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Tesla’s supply chain struggles forced it to sell off 75% of its bitcoin

Representations of virtual currency bitcoin are seen in front of Tesla logo in this illustration taken, February 9, 2021.
REUTERS/Dado Ruvic
Tesla sold 75% of its bitcoin holdings.
  • Nicolas Rivero
By Nicolas Rivero

Tech Reporter based in New York

Published Last updated

Tesla’s interest in bitcoin has been decried as a distraction and a side show for the electric car company. But when a widespread covid lockdown in China forced Tesla to shutter its Shanghai factory for 22 days in April, it became a lifeline. The shutdown’s impact on Tesla’s business was severe enough that the company sold off 75% of its bitcoin holdings to bolster its cash reserves.

“The reason we sold a bunch of our bitcoin holdings was that we were uncertain as to when the covid lockdowns in China would alleviate, so it was important for us to maximize our cash position,” CEO Elon Musk told investors on a July 20 earnings call.

“This should not be taken as some verdict on Bitcoin,” he added. “It’s just that we were concerned about overall liquidity for the company.”

CFO Zach Kirkhorn said the company made a small profit on its bitcoin sale, but that gain was erased when Tesla wrote off the value of the rest of its bitcoin holdings as the crypto sector crashed. Ultimately, the company reported a $106 million bitcoin loss.

Musk said despite the loss, the company is “certainly open to increasing our bitcoin holdings in the future” and has not sold any of its dogecoin.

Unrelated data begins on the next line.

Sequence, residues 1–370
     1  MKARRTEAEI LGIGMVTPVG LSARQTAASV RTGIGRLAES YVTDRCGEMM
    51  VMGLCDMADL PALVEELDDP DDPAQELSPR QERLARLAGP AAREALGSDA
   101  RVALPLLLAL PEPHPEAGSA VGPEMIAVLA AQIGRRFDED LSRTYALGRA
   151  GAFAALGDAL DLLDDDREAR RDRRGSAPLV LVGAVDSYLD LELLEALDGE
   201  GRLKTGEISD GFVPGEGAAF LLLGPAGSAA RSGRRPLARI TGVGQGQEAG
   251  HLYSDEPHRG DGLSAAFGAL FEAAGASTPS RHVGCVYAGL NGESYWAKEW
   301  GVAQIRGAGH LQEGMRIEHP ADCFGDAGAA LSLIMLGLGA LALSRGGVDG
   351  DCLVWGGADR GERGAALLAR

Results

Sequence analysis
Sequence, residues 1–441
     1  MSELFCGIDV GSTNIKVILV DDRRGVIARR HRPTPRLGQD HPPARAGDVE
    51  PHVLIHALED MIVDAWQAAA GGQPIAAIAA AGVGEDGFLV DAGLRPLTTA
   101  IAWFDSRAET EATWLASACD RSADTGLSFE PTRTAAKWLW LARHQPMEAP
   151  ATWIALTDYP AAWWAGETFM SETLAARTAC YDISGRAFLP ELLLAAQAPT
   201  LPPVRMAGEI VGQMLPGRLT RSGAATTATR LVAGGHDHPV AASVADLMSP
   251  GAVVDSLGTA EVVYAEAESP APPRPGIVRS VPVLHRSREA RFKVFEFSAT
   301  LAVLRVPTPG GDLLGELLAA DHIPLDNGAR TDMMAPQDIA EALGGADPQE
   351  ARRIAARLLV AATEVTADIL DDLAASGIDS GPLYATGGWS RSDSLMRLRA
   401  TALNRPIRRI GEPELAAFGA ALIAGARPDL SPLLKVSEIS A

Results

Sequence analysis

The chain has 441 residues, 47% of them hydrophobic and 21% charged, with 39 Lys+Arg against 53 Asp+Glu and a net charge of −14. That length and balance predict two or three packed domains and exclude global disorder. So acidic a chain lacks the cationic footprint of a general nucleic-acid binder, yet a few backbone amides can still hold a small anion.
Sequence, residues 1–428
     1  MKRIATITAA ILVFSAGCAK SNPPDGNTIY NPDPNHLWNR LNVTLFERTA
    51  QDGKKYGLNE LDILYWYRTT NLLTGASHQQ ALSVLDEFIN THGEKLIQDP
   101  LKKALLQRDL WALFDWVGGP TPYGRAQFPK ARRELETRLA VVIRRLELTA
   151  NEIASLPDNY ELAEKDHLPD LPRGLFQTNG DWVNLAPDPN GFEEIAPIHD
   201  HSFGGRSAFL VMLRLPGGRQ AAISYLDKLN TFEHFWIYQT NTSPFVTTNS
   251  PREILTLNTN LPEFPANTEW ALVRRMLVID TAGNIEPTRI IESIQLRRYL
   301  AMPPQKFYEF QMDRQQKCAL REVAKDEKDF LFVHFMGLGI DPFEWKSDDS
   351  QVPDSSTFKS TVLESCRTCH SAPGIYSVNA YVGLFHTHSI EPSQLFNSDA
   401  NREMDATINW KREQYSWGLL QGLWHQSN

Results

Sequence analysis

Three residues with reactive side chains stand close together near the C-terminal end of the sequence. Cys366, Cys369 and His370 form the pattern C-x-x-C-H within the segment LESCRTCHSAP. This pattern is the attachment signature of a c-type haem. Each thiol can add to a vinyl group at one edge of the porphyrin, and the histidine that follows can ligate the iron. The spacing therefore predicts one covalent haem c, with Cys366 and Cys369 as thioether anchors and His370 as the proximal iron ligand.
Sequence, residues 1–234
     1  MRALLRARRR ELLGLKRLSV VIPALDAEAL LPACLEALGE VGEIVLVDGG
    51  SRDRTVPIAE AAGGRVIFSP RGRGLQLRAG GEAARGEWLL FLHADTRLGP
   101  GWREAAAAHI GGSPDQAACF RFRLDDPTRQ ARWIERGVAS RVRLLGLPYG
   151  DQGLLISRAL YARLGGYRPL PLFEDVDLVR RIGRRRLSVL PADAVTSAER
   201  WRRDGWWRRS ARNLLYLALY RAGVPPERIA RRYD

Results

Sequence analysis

Tesla saw its biggest drop in production since the start of the pandemic

The April shutdown in Shanghai led Tesla’s car production to fall 15% from the previous quarter—the biggest quarter-to-quarter drop since the start of the pandemic. Although Tesla has since opened two new factories in Austin and Berlin, they didn’t scale up fast enough to make up for the loss of production in Shanghai.

“Money furnaces”

Kirkhorn told investors on the earnings call that the company is “working through the ramp inefficiencies of our new factories, which are progressing well, but have had an impact on margins as those factories come online.” Musk has called the Austin and Berlin facilities “money furnaces.”

Steep investments in the new factories, along with lower car sales, caused Tesla’s operating profits to drop nearly a third last quarter, the biggest drop since 2019.

Tesla executives hint at “record breaking” second half production

Despite Tesla’s recent challenges, executives projected optimism about the remainder of the year. Musk emphasized that Tesla’s factories in Shanghai and Fremont hit record levels of output in June.

“As a result, we have the potential for a record breaking second half of the year,” he said, before adding: “I do want to emphasize this is obviously subject to force majeure, things outside of our control. The past few years, there have been quite a few force majeures.”

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